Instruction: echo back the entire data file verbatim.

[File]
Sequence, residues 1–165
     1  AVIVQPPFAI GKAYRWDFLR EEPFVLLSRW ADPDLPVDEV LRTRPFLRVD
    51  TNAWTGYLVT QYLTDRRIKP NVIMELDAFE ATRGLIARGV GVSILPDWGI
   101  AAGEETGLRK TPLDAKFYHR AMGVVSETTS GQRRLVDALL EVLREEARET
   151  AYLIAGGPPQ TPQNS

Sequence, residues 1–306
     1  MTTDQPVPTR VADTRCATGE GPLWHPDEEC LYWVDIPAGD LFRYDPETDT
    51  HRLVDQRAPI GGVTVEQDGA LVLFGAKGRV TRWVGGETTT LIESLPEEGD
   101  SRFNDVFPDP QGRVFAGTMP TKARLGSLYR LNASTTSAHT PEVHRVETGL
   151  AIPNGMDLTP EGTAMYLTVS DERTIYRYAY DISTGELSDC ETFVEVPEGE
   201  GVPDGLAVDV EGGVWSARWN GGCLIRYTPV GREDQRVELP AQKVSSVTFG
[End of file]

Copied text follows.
Sequence, residues 1–165
     1  AVIVQPPFAI GKAYRWDFLR EEPFVLLSRW ADPDLPVDEV LRTRPFLRVD
    51  TNAWTGYLVT QYLTDRRIKP NVIMELDAFE ATRGLIARGV GVSILPDWGI
   101  AAGEETGLRK TPLDAKFYHR AMGVVSETTS GQRRLVDALL EVLREEARET
   151  AYLIAGGPPQ TPQNS

Sequence, residues 1–306
     1  MTTDQPVPTR VADTRCATGE GPLWHPDEEC LYWVDIPAGD LFRYDPETDT
    51  HRLVDQRAPI GGVTVEQDGA LVLFGAKGRV TRWVGGETTT LIESLPEEGD
   101  SRFNDVFPDP QGRVFAGTMP TKARLGSLYR LNASTTSAHT PEVHRVETGL
   151  AIPNGMDLTP EGTAMYLTVS DERTIYRYAY DISTGELSDC ETFVEVPEGE
   201  GVPDGLAVDV EGGVWSARWN GGCLIRYTPV GREDQRVELP AQKVSSVTFG